Australian grain prices jumped last week on exporter buying following a sharp drop in the value of the Australian dollar.
The Australian dollar plunged 7.5 per cent last week to 0.6150 cents, which has made local grain prices more competitive into export markets.
Panic over the coronavirus and possible shortages of staple food items has also triggered additional demand for cereals grains. Supermarket shelves have been stripped bare as shoppers stockpile large amounts of staple food items like pasta, rice, flour and meat.
Supermarkets have been forced to introduce temporary limits on how many items of food and other products that shoppers since coronavirus sparked widespread panic buying.
The extent of the surge in demand has caught many by surprise. Supermarkets have requested additional supplies from food manufactures which in turn has them sounding out additional purchases of cereal grains, including wheat, oats and barley.
Similar demand increases are being reported across the globe as panicked shoppers in Asia, North America and Europe move to stock up pantries as they wait for the coronavirus concerns to ease. Exporters are reporting that overseas wheat buyers are also scoping out additional purchases to cope with the spike in demand.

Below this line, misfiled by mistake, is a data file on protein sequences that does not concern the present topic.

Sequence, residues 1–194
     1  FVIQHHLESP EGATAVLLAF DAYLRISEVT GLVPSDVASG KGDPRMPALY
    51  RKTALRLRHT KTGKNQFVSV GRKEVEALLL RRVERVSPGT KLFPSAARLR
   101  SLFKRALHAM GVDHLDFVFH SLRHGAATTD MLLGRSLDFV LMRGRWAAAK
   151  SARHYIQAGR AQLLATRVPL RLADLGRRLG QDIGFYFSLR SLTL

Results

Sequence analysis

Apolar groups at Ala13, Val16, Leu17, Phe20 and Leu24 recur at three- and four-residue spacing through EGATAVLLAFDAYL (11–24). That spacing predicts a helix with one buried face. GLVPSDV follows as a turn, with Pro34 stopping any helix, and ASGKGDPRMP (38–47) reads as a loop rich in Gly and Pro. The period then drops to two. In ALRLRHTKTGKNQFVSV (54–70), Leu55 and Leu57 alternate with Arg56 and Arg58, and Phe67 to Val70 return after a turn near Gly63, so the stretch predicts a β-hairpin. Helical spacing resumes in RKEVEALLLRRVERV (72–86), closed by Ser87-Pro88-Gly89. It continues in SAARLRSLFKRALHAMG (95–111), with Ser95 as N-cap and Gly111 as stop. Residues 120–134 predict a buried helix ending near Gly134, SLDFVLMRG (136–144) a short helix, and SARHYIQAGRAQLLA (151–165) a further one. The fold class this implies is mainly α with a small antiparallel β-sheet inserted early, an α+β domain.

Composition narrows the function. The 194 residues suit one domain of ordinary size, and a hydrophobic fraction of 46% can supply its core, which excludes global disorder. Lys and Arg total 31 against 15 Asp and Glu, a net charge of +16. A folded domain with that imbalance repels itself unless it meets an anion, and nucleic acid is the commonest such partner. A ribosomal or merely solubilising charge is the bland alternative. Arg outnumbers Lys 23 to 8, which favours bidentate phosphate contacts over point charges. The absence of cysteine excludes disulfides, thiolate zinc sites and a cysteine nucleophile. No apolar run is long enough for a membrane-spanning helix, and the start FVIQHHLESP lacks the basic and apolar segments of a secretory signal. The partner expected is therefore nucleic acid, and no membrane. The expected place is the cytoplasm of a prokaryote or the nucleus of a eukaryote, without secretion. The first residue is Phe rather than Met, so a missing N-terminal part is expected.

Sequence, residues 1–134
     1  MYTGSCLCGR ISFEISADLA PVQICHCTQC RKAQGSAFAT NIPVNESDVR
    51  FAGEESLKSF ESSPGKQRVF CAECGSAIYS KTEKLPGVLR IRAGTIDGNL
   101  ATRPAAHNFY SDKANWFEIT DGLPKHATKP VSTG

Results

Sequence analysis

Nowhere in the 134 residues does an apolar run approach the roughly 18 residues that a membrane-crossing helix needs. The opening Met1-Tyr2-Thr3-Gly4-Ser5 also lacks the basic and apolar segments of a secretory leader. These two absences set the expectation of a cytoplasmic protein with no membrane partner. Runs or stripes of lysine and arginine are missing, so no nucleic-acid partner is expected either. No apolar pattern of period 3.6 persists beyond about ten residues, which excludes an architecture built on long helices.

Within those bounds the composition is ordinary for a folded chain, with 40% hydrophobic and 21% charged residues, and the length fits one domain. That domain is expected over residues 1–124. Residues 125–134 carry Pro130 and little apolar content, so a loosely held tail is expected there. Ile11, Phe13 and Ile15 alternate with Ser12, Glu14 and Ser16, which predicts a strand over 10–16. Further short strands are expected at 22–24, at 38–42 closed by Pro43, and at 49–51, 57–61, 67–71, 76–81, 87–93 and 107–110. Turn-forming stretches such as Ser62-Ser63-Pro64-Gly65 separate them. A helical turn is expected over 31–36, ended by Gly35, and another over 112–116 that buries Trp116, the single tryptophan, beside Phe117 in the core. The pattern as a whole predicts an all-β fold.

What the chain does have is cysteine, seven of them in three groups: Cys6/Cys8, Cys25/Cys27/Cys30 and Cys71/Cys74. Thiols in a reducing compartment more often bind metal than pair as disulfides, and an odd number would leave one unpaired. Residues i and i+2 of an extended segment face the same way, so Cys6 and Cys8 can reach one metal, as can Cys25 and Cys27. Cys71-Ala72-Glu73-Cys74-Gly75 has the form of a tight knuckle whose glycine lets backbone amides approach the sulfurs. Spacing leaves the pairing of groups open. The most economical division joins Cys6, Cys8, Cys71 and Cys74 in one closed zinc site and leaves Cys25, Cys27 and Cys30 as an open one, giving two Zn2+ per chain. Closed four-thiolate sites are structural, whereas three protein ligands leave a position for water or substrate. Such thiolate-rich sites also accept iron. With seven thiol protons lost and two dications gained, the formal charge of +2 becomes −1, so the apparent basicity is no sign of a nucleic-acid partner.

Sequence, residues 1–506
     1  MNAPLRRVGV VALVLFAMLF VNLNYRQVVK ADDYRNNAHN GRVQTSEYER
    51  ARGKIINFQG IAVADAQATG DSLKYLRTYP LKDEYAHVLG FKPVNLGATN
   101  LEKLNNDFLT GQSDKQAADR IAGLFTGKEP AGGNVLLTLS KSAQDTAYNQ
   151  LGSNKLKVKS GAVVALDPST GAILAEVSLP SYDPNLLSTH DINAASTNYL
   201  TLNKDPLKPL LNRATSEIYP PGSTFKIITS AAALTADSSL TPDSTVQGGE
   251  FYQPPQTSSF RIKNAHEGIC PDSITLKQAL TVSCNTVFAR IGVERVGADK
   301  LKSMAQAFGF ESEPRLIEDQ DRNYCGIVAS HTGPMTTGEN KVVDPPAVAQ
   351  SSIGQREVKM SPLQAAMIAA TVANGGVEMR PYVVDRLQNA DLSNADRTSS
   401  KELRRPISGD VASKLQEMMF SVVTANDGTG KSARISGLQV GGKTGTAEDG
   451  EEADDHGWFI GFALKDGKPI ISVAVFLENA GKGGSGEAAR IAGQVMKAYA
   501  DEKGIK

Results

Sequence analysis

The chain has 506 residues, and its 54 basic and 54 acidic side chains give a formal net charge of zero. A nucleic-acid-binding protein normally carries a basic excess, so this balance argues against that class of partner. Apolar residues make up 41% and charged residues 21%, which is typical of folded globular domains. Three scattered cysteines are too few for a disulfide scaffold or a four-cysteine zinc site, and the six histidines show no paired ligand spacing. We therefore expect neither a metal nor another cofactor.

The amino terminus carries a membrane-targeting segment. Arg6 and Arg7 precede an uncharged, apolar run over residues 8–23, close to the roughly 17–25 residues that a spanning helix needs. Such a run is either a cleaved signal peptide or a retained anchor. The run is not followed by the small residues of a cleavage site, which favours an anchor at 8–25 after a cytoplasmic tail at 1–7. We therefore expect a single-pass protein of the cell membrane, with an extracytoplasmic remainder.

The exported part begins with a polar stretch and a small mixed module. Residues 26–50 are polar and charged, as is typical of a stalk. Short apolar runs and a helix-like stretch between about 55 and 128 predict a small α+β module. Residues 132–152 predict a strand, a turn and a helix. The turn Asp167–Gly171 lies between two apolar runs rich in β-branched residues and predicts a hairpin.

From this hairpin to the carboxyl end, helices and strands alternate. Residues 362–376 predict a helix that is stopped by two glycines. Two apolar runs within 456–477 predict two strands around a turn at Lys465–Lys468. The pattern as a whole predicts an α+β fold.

Experts have moved to calm consumer fears of food shortages, saying there is plenty to go around. Supply chains are also expected to feel the strain of the demand surge as shoppers clamour to secure weeks of basic food items in advance.
WA wheat prices jumped $10-15 a tonne last week as exporters moved to secure additional supplies on the back of the kick in demand. Prices have also spiked in Melbourne where barley bids have climbed by $15 on rumoured Chinese buying.
Barley bids have rallied by $25/t to $380 delivered into the Darling Downs since early last week as sellers disappear any buyers more anxious to lock in supplies for the coming months.
Global grain markets remain rattled in a mix of coronavirus uncertainty, plummeting oil prices and foreign exchange volatility.
United States wheat futures have tumbled more than 7pc in the past four weeks as investors become nervous.
Talk of demand reduction over basic food items such as wheat must start to be questioned following the recent surge in buying across the globe, as shoppers rush to ensure they don't miss out.
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